You know those faceless before-and-after plastic surgery photos that surgeons post on their websites to advertise how skilled they are at breast augmentation or liposuction or what have you? Well, thanks to a bunch of confused people who don't understand how the internet works, tons of women are finding that images of their naked breasts show up in Google searches.
Ten St. Louis area women are suing Dr. Michele Koo for negligence after learning — sometimes through other people who had run across their photos (oy, imagine making/receiving that awkward phone call) — that anyone who searches their name online will be rewarded with their before-and-after boob job shots. One lawyer who is representing a number of patients said he knows of more than 30 women whose faceless photos were put on Koo's website without their consent.
It's not that Koo has devious intentions; she just wanted to show off her handiwork. But whoever uploaded the photos to her site didn't think to remove patients' names from computerized picture file information. When full names are embedded in that info, they can end up displayed next to photos online, and your grandmother might get a surprise when she's Googling (Ask Jeevesing?) your name to show all of her friends your Flickr photostream.
The St. Louis Post-Dispatch wisely assumed this wasn't a St. Louis-specific issue and did some digging; turns out that multiple doctors' websites post patient pictures, names and the procedures they paid for, and that not all of the patients are so pleased about that:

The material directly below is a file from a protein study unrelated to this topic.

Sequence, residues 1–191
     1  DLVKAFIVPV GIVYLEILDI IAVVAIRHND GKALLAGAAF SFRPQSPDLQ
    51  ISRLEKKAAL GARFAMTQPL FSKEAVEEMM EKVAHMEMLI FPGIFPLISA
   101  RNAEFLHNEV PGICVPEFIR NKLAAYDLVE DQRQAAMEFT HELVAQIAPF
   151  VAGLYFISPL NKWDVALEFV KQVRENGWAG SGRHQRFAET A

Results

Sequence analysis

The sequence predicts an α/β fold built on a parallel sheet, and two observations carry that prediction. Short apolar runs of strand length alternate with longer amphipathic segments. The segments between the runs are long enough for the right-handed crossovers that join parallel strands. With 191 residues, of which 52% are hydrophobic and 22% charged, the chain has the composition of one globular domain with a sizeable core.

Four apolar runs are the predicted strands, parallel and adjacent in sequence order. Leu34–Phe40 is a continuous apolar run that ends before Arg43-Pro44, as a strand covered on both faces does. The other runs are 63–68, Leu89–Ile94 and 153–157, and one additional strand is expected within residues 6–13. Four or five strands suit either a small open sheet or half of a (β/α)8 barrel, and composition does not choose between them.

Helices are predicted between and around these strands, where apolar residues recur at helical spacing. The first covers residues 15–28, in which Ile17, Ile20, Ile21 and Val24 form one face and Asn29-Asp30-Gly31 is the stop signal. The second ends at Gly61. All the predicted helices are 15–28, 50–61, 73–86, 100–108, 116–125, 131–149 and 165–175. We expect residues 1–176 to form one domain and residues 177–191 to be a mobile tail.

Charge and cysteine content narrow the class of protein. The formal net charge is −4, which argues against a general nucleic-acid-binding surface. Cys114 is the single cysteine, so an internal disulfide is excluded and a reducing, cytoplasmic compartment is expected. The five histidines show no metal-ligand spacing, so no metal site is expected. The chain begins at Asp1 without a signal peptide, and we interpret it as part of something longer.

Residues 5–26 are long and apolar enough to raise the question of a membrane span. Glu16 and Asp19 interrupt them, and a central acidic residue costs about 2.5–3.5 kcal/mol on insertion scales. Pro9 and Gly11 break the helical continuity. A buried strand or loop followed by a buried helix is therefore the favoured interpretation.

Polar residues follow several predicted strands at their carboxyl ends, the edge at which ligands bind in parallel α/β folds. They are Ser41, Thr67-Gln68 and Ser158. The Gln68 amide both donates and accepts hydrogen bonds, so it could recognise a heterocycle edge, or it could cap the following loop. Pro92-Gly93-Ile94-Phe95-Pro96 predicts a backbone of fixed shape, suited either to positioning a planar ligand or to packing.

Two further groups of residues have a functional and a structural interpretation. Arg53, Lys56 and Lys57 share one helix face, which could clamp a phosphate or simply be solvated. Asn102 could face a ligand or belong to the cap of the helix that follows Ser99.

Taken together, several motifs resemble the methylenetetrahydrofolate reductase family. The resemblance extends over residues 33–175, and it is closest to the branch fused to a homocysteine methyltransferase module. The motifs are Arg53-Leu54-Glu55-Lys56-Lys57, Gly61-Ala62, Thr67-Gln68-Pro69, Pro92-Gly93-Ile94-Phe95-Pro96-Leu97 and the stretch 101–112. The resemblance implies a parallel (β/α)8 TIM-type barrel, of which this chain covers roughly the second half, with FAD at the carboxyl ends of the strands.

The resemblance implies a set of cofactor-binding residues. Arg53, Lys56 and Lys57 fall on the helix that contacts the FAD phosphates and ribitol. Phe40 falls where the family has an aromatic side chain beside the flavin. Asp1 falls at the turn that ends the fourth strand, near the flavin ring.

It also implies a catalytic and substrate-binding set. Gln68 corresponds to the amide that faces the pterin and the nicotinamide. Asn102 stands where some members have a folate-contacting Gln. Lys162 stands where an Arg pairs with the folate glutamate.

One Florida woman replied with an expletive when informed that a search of her name in Google Images would bring up before-and-after pictures.
"I didn't realize my picture was up, even," she said.
Later, through tears, she said she hoped her pictures would be quickly removed "because I'm pretty horrified about it. And I'm horrified for other women, too."
In response, everyone seems to be embarrassed that they're so bad at the internet and is trying to blame everyone else: Koo's lawyers say MedNet, the company that runs her website, failed to maintain Koo's site in a "competent and professional manner," and MedNet's chief executive officer says all doctors should be responsible for their own web content.
Legally, it's tricky, because patients usually sign confidentiality waivers that say photos, videos or case histories may be used by their doctor or the American Society for Aesthetic Plastic Surgery in journals, books, presentations or websites "for the purpose of informing the medical profession or the general public." But the waivers often also say patients will remain anonymous.
Should surgeons, their staff, and/or larger health care provider management companies like MedNet be able to use ignorance as an excuse? Perhaps; failing to understand how photo file info works lies somewhere between gif-making and that thing my mom does when she tags herself in my Facebook photos because she thinks that implies she "Likes" them on the web savvy-spectrum. Now that things have been cleared up — DON'T put patients' names in that .jpg! — there shouldn't be any problems going forward. But medical website moderators better make haste to remedy the photos that are already up there, because former patients are (understandably) pissed and feeling violated.
Women sue surgeon after she puts their breasts on the Web [St. Louis Post Dispatch]
Image byCandyBox Images/.Shutterstock.